Photo by Rebecca Gould Photography

Wednesday, September 10, 2014


I have only ever seen a very few hives on Susan.

For better or for worse, Susan has never really gotten hives.  Even when she had her worst anaphylactic reactions, she never had hives. 

I can count on less than one hand the times Susan has had hives prior to being enrolled in the clinical trial.

Three times, exactly -- once, a single hive on her face after eating out at a local restaurant, a second time at school, a smattering of them across her upper chest...and the medically induced hive from a scratch test during the clinical trial screening process.  That's it.

During the food challenge that resulted in her being enrolled in the clinical trial, Susan developed hives...and then, once, shortly after being enrolled in the clinical trial, while selling Girl Scout cookies (not a single box was open), she developed a giant "mystery" hive on her cheek.

Susan developed hives during the rapid desensitization and from that point forward, walked around with a hivey rash on her back, chest and cheeks that seemed to improve and worsen with only a vague connection to Susan's daily dose...

The "hivey state" continued through the middle of July, at which point it mostly subsided, to the point that it was pretty much resolved.  Surprisingly, I cannot remember when I stopped checking (read:  scrutinizing) Susan's skin daily, but I know that it was sometime in July.

Fast forward to now.

For those of you who have followed our journey, I have every reason to believe that Susan originally received injections of the placebo during the build-up phase of the PRROTECT Clinical Trial that she is in.  I have every reason to believe that since she is now receiving open-label injections of Xolair, the medication that is believed to inhibit the body's autoimmune response thereby allowing for rapid desensitization to peanut through oral immunotherapy, Susan will do well.


Something happened in late August that gave me pause.
We were celebrating Susan's birthday at Key Lime Cove...she was in a bathing suit...and I realized that she had hives...and not just a few...

Since then, I have watched her skin carefully.
Sometimes she has hives.

Other times, not so much.

Her cheeks were flush and her hivey rash was far more present than not during our most recent visit to the Clinical Research Unit (CRU).  The doctor observed this...and because there are three doctors, and we do not always see the same one, we talked about the condition of Susan's skin rather at length.  I could tell that the doctor was surprised. 

(I felt that her veiled -- for I am sure Susan did not pick up on it -- surprise confirmed a niggling bad feeling I have been having.) 

There is a part of me that wants to call the clinical trial coordinators or one of the doctors we have come to know and trust.  I want to share my fears with them.  I want them to reassure me that all will go well when Susan begins the rapid desensitization to peanut in the middle of September.

The hives haunt me.
For, if Susan's autoimmune reaction to peanuts is supposed to have been inhibited by the Xolair, why does she have hives?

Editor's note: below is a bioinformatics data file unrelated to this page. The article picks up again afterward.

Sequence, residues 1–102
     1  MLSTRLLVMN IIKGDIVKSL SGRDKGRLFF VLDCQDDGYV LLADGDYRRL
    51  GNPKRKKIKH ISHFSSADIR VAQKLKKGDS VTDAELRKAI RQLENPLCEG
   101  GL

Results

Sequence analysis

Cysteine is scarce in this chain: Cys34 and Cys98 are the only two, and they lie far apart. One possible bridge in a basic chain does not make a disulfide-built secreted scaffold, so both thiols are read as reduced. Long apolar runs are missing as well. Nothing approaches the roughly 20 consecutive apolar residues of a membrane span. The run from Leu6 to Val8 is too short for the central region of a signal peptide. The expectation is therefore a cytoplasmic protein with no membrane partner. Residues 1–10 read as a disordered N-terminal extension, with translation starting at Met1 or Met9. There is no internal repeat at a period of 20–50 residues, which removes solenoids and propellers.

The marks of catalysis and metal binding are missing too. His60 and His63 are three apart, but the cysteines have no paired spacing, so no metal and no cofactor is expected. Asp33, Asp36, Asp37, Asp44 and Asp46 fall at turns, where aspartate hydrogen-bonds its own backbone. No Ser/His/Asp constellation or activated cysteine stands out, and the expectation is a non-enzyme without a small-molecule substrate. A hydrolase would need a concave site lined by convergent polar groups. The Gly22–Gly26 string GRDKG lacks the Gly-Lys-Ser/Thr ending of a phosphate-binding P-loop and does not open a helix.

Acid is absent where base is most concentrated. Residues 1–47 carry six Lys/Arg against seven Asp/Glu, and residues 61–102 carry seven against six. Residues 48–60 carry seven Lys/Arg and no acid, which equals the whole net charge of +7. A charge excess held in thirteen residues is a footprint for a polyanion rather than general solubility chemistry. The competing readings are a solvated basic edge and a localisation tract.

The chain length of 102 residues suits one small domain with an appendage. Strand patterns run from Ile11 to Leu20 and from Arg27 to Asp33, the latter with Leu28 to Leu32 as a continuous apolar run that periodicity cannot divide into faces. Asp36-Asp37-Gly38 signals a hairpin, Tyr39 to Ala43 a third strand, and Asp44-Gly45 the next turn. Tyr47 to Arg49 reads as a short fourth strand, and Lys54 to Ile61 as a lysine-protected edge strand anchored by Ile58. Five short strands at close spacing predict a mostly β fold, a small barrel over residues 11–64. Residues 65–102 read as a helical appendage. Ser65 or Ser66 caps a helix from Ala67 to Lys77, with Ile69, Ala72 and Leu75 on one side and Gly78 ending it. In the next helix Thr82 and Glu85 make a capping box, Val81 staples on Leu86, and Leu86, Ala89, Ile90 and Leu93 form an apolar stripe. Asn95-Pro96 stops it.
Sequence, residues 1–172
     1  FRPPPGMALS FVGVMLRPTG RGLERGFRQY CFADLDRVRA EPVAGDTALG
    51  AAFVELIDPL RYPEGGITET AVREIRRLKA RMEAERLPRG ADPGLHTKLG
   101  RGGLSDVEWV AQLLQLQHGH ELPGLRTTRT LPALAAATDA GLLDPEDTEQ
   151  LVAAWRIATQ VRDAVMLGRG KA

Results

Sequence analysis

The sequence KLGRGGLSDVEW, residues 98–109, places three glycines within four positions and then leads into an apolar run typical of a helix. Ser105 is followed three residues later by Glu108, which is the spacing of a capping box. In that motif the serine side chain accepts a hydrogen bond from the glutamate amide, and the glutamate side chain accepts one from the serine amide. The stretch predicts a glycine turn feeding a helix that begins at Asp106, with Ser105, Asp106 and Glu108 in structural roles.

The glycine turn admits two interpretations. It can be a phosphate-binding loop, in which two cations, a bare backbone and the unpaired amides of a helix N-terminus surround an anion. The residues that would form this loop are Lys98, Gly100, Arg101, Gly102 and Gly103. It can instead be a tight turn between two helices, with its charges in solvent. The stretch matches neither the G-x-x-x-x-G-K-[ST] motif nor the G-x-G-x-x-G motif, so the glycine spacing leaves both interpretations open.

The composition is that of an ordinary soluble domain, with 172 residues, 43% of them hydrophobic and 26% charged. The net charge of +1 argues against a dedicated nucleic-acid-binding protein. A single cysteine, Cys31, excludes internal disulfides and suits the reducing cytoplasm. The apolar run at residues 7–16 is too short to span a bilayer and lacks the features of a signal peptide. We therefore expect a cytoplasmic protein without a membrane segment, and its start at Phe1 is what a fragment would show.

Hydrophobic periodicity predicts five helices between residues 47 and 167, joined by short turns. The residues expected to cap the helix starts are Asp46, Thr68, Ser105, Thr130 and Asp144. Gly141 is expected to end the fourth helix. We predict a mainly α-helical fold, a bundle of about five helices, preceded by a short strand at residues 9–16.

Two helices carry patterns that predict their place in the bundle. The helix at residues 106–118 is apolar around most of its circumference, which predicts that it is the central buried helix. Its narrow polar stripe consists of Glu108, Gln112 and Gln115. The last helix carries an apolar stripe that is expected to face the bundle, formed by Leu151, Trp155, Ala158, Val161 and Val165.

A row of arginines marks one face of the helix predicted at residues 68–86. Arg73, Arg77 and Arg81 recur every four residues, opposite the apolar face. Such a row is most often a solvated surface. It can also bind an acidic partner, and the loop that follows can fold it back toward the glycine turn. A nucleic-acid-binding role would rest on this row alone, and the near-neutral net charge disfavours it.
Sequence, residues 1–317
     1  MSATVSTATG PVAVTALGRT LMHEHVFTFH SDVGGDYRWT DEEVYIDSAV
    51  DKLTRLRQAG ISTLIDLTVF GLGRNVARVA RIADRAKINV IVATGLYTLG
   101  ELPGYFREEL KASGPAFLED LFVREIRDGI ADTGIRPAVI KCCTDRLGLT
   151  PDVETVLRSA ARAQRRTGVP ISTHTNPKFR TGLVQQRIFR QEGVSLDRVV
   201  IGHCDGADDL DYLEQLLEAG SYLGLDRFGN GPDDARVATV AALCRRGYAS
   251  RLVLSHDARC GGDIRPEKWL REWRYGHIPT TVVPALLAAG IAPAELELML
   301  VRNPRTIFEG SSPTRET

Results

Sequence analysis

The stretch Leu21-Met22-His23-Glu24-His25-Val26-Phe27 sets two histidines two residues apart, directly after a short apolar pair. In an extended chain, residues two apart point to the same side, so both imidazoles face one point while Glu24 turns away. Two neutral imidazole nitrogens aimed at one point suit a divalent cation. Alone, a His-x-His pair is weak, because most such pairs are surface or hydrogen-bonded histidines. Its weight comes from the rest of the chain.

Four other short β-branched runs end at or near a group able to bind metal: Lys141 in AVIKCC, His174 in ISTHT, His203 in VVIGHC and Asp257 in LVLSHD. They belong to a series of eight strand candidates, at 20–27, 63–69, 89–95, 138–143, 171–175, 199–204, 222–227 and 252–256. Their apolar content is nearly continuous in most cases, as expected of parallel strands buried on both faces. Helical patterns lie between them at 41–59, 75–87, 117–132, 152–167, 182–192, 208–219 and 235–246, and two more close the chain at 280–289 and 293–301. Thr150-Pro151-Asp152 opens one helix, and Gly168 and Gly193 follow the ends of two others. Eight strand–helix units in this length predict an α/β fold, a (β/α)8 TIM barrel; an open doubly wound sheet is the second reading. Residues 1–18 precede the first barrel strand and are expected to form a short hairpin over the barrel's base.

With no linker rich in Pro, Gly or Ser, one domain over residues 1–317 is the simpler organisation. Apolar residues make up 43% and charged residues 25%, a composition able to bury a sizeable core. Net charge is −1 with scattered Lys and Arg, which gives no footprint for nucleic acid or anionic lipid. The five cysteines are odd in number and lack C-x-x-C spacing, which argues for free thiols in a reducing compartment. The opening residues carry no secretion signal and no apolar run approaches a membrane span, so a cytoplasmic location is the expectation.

Why, after all these weeks of injections of what we know is Xolair, is Susan's skin looking like this?

The image of Susan's hives is with me at all times.
I think about her skin, peppered with angry little red marks at red lights, while reading, in the grocery store...I cannot shake it.

I find myself thinking that surely, surely they mean nothing.  I find myself absently and ferociously (yes, at the same time) thinking that she just has to have a good outcome -- that after all she has been through, surely, SURELY she deserves for this to go well.

And then I am immediately ashamed, and sorrowful, for I am painfully aware that far more children than I can possibly imagine face terribly frightening, painful and uncertain medical procedures and treatments every day...and that for them, the outcomes are no more guaranteed than Susan's.  I am particularly aware of those children living with cancer and cystic fibrosis and premature birth because of personal connections...but I am sure that there are hundreds of other ravages children face every day that I can hardly fathom.

And then I pause...for this is not just about Susan. 
It never has been.
This is for the hundreds and thousands of children (and adults) living with food allergies...whose lives are defined, limited or controlled by their food allergies. 

As much as I desperately want this clinical trial to work for Susan, I also want it to work because of its potential impact, its promise...

For as devastating as it is to imagine that Susan might not have a favorable outcome as a result of the clinical trial, it is even more difficult for me to imagine what it will mean for countless others if she does not...

1 comment:

  1. As a mother of a child living with food allergies, I share your fear of those hives and what they could mean. I also share with the you the weight of your child's treatment and the impact it has on others - which is why we share our OIT journey, as well. We will be following Susan's progress and hope and pray for the very best outcome!